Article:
mesh was used successfully for the first time in the authors' institution for a
surgery of this kind.
Postoperative multi-agent chemotherapy has improved these
patients' survival, reducing the risk of both local and distant relapse.
However, there are also reviews which report no apparent difference between the
patients treated with surgery alone and those treated with both surgery and
chemotherapy. Overall survival despite modern adjuvant chemotherapy is noted to
be 27% at 5 years . Osteosarcoma of the flat bones are rarely associated
with metastasis in contrast to osteosarcoma at other sites . In this
patient, despite the large tumour mass with aggressive features on imaging and
poor response to chemotherapy, there was no evidence of metastases.
In summary, this paper presents a rare case of primary
osteosarcoma of the rib and emphasise that this condition should be considered
in the differential diagnoses of children and adolescents presenting with a
chest wall tumour. As metastases at presentation is uncommon, early diagnosis
and aggressive surgical management will help to improve outcome. CT remains the
essential imaging modality for accurate primary evaluation of the tumour mass,
identification of metastatic disease, evaluation of tumour response to chemotherapy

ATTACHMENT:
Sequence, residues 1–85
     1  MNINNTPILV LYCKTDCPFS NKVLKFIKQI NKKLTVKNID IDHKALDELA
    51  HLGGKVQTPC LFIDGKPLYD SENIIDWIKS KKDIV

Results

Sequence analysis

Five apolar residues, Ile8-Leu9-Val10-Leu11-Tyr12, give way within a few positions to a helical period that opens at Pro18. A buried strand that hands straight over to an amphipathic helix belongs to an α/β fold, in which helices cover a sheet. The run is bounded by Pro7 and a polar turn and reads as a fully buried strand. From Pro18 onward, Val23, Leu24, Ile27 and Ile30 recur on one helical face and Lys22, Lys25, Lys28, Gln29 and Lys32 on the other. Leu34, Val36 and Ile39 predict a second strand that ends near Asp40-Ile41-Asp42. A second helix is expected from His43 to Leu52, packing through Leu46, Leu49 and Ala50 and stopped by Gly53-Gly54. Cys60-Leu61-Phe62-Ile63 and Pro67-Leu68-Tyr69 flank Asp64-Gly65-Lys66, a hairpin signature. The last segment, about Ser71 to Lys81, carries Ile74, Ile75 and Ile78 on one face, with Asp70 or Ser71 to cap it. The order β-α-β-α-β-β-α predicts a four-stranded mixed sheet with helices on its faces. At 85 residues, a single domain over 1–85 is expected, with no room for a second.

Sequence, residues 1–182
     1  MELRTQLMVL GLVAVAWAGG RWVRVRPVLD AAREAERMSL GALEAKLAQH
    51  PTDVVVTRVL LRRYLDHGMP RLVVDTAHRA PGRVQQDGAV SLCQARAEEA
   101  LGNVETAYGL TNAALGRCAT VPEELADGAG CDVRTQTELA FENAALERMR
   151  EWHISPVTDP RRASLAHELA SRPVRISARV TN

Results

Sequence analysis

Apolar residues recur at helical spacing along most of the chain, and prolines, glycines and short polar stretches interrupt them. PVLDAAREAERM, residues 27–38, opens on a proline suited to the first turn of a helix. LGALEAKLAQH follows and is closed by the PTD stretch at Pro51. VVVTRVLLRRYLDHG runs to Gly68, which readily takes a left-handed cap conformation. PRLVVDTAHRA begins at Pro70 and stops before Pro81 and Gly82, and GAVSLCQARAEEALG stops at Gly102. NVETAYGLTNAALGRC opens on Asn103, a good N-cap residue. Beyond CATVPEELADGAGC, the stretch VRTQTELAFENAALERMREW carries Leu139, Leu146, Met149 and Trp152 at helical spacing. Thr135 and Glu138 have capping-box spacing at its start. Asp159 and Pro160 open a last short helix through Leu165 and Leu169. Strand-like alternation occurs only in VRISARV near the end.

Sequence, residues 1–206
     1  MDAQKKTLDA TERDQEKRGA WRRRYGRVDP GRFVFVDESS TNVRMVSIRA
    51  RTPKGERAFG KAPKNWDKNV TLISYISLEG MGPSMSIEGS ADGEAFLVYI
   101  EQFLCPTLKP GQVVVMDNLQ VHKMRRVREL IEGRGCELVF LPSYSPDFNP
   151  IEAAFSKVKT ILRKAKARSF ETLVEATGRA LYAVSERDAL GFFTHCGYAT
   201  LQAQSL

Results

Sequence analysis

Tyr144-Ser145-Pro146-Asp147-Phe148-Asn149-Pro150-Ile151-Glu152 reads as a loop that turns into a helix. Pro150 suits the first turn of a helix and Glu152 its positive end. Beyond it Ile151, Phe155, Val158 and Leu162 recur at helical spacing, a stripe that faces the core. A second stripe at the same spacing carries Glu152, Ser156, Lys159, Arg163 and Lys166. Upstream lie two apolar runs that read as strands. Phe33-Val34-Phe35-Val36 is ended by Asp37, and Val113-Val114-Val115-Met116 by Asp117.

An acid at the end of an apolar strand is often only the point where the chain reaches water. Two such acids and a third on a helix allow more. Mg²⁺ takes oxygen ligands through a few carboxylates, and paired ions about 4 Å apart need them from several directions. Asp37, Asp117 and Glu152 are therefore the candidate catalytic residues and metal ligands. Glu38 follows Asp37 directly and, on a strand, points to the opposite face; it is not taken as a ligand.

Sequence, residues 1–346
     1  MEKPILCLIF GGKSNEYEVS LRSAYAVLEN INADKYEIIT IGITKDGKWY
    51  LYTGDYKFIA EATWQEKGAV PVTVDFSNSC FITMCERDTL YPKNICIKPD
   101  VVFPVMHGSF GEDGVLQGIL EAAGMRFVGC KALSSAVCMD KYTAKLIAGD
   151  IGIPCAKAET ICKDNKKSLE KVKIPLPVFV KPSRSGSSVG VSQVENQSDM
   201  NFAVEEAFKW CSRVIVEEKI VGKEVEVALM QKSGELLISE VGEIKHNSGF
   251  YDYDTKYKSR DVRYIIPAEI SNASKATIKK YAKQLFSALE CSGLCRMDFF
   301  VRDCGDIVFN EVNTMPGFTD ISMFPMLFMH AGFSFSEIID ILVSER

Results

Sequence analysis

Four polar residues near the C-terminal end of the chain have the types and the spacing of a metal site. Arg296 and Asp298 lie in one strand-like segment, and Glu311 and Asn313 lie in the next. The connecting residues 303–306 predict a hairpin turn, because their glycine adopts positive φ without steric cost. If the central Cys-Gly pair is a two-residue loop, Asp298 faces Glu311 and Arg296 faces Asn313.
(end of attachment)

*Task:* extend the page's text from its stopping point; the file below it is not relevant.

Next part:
and postoperative evaluation of recurrent neoplasm, all of which have important
Figure 1 Chest radiograph showing a large pleural-based mass in the left hemithorax (arrows), with underlying rib destruction and a pleural effusion.
Figure 2 A contrast enhanced CT examination of the chest showing a large heterogenously enhancing solid mass arising from the skeletal chest wall with lytic destruction of the rib and calcifications (arrows). There is a moderate-sized pleural effusion (block arrow) and underlying lung collapse and consolidation (star).
Figure 3 (a) Gross appearance of the resected chest wall and the tumour (b) Appearance of the surgical site after resection of the tumour showing the titanium mesh covering the chest wall defect.
Figure 4 CT examination of the chest post-chemotherapy and chest wall surgery showing deformity of the left chest wall at site of extensive rib resection. The titanium mesh is seen in situ (arrows). There is no evidence of tumour recurrence.
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|Received 29 April 2007; received in revised form 29 November
2007, accepted 9 December 2007
Correspondence: Department of Biomedical Imaging, Faculty of Medicine, University of Malaya, 50603 Kuala Lumpur, Malaysia. Tel.: +603-79492069; Fax: +603-79581973; E-mail: email@example.com (Sazilah Ahmad Sarji).
Please cite as: Lim WY, Ahmad Sarji S, Yik YI, Ramanujam TM,
Osteosarcoma of the rib, Biomed Imaging Interv J 2008; 4(1):e7